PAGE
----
"There, Henry," he said, "if you take that to the Hamilton National Bank they'll give you cash for it."

"But what is it—I don't understand—a check for fifty dollars!" exclaimed the other youth.

"That's what it is," replied Dick smiling. "It's a present from me, Henry."

"A present! I'm sorry, but I can't take it, Dick. I'm very much obliged to you, but it wouldn't be business, you know. I don't want anything I don't earn."

"But I have lots more," insisted Dick. "In fact, I'd never miss that sum."

"I can't help it. I couldn't take it, though I thank you very much," and Henry handed back the little slip.

"Wait!" exclaimed Dick. "Will you take it as a loan, Henry?"

"A loan?"

"Yes; to be paid back—whenever you get good and ready. Do take it—as a loan."

"A loan," repeated Henry in a low tone. "Well, I might do that. But if you're in any hurry for the money you'd better not let me take it. I don't know when I can pay it back."

"That's all right. Keep it as long as you like."

"But there's another objection," said Henry, who appeared to be very conscientious about it. "You have no security for it."

"I don't need any from you, Henry."

"But it wouldn't be right to take it without security. Wait, I'll tell you what I'll do."

He hurried back into his house, to return in a few minutes with a folded paper which he handed to Dick.

"What is this?"

"That," said Henry proudly, "is my personal note for fifty dollars, payable in one month, with interest at six per cent., as security for this loan. You can have it discounted at the bank," he added with a laugh; "that is if you can get your father, or somebody with some money, to indorse it. Anyhow, it's my note. The first one I ever gave. Now you needn't worry about your money, Dick."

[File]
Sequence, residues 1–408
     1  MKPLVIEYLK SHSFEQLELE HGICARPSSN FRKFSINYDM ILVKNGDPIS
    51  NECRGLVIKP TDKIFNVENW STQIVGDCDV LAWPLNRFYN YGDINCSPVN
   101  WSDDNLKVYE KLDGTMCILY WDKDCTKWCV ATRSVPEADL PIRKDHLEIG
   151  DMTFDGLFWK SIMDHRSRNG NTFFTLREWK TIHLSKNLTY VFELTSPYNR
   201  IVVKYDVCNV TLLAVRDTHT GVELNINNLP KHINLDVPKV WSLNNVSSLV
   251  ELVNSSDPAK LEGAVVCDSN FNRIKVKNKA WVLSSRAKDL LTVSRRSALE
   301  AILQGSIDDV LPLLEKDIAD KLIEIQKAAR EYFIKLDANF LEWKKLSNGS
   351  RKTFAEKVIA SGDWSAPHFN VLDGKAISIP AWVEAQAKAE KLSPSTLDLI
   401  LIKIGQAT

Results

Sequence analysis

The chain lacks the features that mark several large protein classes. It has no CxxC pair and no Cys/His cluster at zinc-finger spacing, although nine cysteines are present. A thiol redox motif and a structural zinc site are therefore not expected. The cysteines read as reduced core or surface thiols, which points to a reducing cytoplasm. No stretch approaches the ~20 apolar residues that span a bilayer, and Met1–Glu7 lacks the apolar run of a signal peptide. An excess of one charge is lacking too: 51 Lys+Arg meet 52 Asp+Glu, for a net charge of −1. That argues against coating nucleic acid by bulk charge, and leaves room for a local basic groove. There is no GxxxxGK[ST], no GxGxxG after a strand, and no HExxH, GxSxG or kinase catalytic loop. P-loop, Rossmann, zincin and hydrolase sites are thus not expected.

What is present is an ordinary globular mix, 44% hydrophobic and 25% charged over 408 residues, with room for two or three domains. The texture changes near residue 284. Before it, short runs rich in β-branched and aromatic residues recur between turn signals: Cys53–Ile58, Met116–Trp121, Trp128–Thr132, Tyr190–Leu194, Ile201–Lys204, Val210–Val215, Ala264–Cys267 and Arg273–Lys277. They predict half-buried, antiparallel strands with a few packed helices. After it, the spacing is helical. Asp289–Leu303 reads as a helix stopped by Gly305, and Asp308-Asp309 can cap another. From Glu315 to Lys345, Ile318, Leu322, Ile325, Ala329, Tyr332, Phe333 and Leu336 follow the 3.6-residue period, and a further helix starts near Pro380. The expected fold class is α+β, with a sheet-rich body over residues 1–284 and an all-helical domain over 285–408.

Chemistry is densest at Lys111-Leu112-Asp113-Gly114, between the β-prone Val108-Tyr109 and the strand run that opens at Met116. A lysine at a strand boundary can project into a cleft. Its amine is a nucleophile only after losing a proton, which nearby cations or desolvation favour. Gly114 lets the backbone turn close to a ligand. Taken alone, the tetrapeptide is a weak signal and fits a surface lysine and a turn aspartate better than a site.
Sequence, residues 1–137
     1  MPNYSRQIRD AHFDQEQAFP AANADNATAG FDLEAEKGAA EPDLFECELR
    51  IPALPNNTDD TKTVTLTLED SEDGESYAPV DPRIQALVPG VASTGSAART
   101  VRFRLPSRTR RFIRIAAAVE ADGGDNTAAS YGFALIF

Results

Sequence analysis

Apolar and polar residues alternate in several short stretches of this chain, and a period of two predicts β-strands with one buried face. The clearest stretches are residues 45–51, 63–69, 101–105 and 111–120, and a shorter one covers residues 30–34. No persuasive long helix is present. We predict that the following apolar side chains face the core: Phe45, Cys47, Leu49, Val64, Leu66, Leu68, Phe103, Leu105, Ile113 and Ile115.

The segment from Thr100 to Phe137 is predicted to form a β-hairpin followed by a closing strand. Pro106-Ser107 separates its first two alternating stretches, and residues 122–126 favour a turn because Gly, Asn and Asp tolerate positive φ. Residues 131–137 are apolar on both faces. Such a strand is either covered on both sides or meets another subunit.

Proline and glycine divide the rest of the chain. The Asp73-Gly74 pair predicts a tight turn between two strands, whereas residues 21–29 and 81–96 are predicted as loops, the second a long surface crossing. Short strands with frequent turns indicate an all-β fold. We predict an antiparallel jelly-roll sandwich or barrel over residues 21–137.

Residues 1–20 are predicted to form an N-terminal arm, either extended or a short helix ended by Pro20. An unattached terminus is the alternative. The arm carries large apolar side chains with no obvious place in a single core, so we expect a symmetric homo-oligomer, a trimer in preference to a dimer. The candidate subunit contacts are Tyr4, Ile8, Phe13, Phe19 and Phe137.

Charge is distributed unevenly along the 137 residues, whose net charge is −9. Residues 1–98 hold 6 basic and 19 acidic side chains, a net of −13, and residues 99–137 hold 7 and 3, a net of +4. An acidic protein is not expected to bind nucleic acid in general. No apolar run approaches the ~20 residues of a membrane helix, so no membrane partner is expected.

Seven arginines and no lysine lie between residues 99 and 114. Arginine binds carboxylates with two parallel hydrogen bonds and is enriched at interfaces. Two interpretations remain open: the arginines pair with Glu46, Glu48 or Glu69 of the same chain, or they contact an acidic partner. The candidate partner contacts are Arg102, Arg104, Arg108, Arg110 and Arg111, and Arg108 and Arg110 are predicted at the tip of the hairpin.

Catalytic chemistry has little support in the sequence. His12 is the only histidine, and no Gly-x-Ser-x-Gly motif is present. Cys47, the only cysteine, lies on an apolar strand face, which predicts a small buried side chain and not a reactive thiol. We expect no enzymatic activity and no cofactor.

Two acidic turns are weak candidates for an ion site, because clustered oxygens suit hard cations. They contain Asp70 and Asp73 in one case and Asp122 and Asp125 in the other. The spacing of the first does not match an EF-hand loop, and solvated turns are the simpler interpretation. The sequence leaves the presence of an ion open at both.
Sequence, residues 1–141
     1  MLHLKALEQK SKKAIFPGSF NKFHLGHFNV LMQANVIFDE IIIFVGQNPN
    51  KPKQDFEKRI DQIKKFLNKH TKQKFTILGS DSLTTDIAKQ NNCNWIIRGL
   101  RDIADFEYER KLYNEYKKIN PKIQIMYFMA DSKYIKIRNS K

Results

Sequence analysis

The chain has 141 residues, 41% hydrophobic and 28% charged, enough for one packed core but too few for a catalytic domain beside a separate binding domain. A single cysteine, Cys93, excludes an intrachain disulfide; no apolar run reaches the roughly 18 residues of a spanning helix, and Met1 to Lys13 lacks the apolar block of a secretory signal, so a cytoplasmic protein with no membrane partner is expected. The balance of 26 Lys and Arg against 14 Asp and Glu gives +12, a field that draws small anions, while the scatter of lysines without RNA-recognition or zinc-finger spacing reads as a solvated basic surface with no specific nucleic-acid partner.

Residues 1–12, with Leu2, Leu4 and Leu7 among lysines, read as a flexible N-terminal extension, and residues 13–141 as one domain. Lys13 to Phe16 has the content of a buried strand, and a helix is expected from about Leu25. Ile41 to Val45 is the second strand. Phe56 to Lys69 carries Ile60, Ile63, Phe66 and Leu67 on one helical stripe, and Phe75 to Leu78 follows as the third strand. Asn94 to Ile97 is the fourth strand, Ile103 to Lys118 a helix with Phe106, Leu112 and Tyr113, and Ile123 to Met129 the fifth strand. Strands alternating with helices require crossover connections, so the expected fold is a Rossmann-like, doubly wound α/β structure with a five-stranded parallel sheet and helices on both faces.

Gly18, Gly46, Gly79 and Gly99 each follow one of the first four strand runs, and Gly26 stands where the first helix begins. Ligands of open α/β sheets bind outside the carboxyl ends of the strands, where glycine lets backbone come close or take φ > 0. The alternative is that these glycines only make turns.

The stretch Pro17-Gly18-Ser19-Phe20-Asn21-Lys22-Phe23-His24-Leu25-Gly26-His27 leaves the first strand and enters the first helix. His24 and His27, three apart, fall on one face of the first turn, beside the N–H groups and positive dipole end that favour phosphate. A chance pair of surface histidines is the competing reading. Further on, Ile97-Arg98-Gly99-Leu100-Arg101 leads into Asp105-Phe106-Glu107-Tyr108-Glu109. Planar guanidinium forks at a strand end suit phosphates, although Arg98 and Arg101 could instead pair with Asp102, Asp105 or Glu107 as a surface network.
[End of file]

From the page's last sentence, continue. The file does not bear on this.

"I'm not worrying about it. In fact, I've got a deal of my own on hand that I expect to make some profit on. Besides, I'm going to buy a new motor boat, and I've got to go see about it. Will you come along?"

"No, indeed. I'm going to buy that old iron now," and as Dick started up his auto, Henry hurried into the house for his hat to go and complete his business transaction.

Dick rode on for about a mile, when he saw coming toward him a man in a carriage. The man held up his hand as he approached, indicating that he wanted the automobilist to stop.

"I wonder what's the matter?" thought Dick. "I can't be going so fast that I'm in danger of scaring his horse. Why, it's Mr. Bruce," as he recognized the real-estate agent of whom he had purchased the land he had been looking at with Guy and Simon one day.

"How are you?" asked Mr. Bruce. "I was just coming over to see you, Mr. Hamilton;" for he had been quite respectful to Dick since he learned of his wealth.

"To see me? What about?"

"About that land deal. In fact, I have bad news for you."

"Bad news?"

"Yes, I have just learned that they are going to put a fertilizer factory up on the property adjoining that which you bought, and yours will be valueless to sell for building lots. No one will want to live next to a fertilizer factory."

"Then it means—" faltered Dick.

"It means that your investment hasn't turned out well," went on the agent. "In fact, your land is worth less than half what you paid for it."